IDEA Series: A Workshop to Reflect on Personal Resilience

The Problem

Burnout is a well-known syndrome characterized by poor self-care, dehumanization, exhaustion, and reduced effectiveness. The study of wellness and resilience among emergency medicine (EM) providers and trainees has recently blossomed, largely as a consequence of recent tragedies of physician suicide, provider distress, and an increased awareness the impact burnout has on both personal and professional domains. While there are ongoing discussions on practices to best address burnout, methods have focused on promoting resilience, mindfulness, and provider engagement.1

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IDEA Series: A Low-fidelity Simulation Workshop for Teaching Cricothyroidotomy

The Problem

idea series teaching residents quality improvement

Cricothyroidotomy is an emergency life-saving procedure that involves surgical placement of a tube through the cricothyroid membrane in order to establish a patent airway for oxygenation and ventilation. The indications for this procedure are when traditional means, such as orotracheal or nasotracheal intubation, are contraindicated or have failed during attempts to establish an emergency airway.1,2 It is a critical skill for emergency physicians but the declining rate of this procedure has resulted in decreased exposure during training.3,4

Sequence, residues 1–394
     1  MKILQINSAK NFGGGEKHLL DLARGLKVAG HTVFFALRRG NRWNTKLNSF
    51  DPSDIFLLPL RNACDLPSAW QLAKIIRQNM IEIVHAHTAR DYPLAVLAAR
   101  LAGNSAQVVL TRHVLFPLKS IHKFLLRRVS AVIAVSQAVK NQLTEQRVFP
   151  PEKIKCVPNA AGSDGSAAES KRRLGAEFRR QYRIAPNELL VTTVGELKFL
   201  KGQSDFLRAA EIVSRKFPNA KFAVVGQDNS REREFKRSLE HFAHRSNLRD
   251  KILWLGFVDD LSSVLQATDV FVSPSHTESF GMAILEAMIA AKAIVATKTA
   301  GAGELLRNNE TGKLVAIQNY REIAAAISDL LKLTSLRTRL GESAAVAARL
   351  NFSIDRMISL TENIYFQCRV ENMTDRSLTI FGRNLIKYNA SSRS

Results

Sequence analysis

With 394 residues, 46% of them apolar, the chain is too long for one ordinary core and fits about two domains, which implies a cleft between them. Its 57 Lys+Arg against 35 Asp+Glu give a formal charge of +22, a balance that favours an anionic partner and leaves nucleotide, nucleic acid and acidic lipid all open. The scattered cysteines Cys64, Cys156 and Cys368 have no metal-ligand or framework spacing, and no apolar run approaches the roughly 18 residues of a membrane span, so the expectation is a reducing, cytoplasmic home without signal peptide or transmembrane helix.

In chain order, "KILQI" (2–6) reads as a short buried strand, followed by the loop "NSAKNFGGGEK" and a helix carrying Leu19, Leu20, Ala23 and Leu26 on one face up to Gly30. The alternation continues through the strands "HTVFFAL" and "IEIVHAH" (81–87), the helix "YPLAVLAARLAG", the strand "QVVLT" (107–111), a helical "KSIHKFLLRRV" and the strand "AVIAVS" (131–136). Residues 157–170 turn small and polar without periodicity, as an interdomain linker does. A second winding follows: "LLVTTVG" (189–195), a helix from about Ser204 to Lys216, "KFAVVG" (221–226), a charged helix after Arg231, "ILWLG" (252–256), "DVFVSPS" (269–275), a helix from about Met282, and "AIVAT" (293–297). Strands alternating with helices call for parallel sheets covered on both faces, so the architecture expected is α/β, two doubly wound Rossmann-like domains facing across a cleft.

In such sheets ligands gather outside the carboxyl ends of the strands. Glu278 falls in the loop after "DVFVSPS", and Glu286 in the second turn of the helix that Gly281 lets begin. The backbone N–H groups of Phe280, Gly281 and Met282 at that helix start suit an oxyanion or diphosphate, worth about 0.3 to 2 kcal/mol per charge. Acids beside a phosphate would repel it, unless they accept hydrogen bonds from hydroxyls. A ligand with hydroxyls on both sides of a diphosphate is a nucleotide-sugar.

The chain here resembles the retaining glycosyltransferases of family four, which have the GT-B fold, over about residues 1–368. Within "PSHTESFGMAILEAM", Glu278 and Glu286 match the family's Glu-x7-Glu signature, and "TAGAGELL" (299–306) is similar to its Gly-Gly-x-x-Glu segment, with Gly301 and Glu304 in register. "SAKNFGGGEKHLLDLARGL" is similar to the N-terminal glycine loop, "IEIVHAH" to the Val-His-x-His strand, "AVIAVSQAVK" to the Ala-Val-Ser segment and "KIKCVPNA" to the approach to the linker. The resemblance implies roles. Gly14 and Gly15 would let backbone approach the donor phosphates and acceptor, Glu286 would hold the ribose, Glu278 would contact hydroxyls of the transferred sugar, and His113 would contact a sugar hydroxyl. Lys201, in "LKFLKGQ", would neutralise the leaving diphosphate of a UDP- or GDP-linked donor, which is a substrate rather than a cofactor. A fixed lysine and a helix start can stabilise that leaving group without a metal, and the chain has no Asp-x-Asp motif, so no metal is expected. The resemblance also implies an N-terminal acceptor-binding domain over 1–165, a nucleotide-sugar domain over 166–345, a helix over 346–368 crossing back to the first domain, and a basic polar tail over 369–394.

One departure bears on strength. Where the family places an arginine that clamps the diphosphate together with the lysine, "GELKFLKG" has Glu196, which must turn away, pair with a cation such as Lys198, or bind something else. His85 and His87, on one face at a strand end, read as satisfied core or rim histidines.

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2019-03-28T21:25:08-07:00

IDEA Series-JETem Innovation: A Low Cost Escharotomy Simulation Model for Residency Education

The Problem

idea series teaching residents quality improvementEmergency Medicine (EM) residents are expected to be familiar with and competent in performing a wide number of procedures, including rare ones such as performing an escharotomy in a patient with severe burns. Unfortunately, there is a paucity of readily available simulation models to facilitate practice of this rare yet potentially life-saving skill.

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2019-02-19T18:37:33-07:00

IDEA Series Highlights JETem Innovations: A Low Cost Trainer for Neonatal Umbilical Catheterization